Standing up for Change

Change is the buzzword these days – in government and current events around the globe. Change is surely occurring in our health care system but it proceeds with apparent geologic celerity. Meanwhile, talented, experienced, knowledgeable physicians and health care providers are becoming ever more frustrated, cynical and sarcastic, as a result of trying to work within a broken system. Some retreat into just doing the best they can while remaining dispassionate, and disengaged from administrative opportunities for becoming involved in the institutions where they work.
We are taught to develop our own personal quality agenda – always do your best and offer the patient the best possible care at all times. But what happens when the system we work in doesn’t resonate with this viewpoint? When the business of running a hospital or clinic and the quality patient care agenda collide? The challenge of our time is to engage physicians at all stages of their careers in the quality agenda, and to foster a shared concern for institutional quality with their own internal quality control. This shift – physicians engaged in a quality agenda – will definitely produce cultural change within our hospitals and clinics and is long overdue.

The tales of hospitals that have made very impressive changes with a patient-centered focus on quality care are recounted in Charles Kenney’s book The Best Practice: How the Quality Movement is Transforming Medicine. Each chapter details how a different institution adopted the ideal of quality process/outcome improvement and what the process of change looked like along the way. For some of us in practice, it is gratifying to read about physicians who effectively push the quality agenda firmly into the lead and how all good things follow this approach. Sometimes I wonder if it is too late to engage the cynical and burned out among us to participate in this quiet revolution. Yet each chapter identifies an unlikely hero who steadfastly believed in the possibilities of change in their hospital, and worked at staying on target with initiatives designed to reach the goal of providing quality care. Tempered radicals they are, with a hefty dose of moral courage. And hopefully their story will encourage and ignite the next group of physicians to pick up the torch and continue the effort.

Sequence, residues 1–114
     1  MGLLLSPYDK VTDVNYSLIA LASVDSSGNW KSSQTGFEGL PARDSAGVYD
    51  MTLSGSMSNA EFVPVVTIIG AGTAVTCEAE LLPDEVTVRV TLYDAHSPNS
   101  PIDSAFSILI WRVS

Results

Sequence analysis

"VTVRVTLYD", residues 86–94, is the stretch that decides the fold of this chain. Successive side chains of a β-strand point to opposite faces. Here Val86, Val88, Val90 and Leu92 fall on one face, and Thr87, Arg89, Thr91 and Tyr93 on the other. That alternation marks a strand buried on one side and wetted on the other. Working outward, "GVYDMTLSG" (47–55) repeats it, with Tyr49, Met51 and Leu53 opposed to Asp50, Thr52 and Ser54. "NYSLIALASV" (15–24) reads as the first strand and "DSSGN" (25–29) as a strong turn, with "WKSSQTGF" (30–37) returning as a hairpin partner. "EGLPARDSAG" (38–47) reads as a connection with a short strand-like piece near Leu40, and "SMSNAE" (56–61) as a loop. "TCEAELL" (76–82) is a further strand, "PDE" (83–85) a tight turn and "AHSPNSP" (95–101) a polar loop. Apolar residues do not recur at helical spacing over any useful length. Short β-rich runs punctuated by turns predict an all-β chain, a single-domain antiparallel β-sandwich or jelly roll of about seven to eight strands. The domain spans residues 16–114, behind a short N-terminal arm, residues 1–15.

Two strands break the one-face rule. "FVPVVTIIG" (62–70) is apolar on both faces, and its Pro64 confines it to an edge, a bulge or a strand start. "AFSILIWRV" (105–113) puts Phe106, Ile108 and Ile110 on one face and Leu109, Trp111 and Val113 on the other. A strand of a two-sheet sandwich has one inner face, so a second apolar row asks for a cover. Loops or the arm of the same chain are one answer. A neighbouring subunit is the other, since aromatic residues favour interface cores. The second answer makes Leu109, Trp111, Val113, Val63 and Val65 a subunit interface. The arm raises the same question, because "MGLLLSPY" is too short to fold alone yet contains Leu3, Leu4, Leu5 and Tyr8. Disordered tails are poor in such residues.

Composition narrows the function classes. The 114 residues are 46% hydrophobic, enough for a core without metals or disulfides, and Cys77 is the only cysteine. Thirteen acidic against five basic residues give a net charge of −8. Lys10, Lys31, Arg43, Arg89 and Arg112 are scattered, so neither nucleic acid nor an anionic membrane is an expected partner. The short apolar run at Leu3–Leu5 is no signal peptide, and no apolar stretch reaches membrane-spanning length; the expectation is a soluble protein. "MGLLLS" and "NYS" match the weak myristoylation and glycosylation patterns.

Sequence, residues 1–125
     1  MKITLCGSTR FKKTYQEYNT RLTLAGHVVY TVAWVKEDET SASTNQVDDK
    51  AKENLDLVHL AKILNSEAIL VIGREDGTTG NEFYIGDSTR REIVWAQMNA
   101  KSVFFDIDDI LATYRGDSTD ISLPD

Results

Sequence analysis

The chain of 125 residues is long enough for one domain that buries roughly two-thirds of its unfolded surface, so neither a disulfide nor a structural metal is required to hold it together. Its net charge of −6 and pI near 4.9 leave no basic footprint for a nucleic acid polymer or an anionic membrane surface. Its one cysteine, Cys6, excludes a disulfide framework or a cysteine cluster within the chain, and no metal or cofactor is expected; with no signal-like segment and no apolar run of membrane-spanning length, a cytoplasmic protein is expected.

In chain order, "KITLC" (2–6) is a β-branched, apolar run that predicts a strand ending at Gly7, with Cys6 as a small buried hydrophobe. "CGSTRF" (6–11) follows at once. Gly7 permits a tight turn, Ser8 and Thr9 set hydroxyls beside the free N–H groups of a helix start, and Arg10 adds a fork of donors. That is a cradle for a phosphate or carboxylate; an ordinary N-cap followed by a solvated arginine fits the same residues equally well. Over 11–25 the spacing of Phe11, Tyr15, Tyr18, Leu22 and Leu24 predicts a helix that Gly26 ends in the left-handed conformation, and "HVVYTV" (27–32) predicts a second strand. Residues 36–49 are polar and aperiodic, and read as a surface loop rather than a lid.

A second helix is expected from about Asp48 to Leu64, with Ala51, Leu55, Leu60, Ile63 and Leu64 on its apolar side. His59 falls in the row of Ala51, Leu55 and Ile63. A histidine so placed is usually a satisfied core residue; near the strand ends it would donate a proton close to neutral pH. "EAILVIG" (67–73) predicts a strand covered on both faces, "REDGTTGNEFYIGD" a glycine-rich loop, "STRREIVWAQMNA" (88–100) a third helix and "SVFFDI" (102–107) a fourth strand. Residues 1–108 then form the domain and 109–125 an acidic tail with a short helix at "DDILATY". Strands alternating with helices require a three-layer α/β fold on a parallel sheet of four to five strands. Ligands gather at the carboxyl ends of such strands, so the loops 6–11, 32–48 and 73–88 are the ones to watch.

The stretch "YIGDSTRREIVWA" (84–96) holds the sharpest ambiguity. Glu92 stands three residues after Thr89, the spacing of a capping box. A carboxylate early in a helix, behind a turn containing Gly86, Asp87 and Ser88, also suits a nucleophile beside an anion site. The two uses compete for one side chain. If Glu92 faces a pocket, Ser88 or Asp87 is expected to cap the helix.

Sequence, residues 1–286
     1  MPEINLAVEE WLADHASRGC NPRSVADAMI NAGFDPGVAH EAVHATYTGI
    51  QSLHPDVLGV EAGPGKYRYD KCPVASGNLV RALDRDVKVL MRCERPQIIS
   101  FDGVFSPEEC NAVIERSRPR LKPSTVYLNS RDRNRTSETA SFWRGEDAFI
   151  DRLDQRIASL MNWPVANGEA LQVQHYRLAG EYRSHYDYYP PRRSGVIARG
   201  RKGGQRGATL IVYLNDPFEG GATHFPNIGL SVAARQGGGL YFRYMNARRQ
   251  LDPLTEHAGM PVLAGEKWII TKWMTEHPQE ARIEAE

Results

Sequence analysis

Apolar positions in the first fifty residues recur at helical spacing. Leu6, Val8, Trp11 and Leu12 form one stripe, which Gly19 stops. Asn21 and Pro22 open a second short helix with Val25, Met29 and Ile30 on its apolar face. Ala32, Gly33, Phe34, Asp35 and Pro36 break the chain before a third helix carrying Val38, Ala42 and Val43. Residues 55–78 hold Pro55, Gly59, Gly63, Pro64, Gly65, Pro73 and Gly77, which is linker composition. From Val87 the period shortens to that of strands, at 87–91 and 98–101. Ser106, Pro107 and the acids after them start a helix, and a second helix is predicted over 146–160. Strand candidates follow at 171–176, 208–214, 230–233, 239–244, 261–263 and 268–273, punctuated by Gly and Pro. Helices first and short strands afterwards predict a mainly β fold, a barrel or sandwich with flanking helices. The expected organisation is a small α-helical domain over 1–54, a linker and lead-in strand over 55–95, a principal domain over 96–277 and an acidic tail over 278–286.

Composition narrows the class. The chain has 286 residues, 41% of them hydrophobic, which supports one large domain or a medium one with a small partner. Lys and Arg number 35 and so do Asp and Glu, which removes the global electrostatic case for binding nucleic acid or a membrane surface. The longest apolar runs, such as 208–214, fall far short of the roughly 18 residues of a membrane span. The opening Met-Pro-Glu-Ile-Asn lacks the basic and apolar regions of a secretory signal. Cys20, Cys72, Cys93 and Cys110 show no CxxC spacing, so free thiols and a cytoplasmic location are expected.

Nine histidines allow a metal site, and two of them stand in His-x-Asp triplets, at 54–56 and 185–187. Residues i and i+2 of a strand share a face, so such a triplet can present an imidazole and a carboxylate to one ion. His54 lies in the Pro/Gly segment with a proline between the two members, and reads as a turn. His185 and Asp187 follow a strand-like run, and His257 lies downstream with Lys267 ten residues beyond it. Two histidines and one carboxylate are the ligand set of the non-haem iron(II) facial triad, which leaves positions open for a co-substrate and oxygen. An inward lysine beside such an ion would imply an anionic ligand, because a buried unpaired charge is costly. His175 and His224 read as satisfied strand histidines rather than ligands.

About imh4msla

Dr Schlesinger is an adult and pediatric rheumatologist in Missoula. She was an IMH board member for a few years before assuming the director position in January 2007 when Dr Herbert Swick retired. As IMH director, she promotes collaborative models of care within the hospital, and explores new approaches to teaching the collaborative model to health careers students at the University of Montana. Dr Schlesinger is the track director for the WWAMI program, helping medical students from the University of Washington School of Medicine learn clinical medicine in Missoula.
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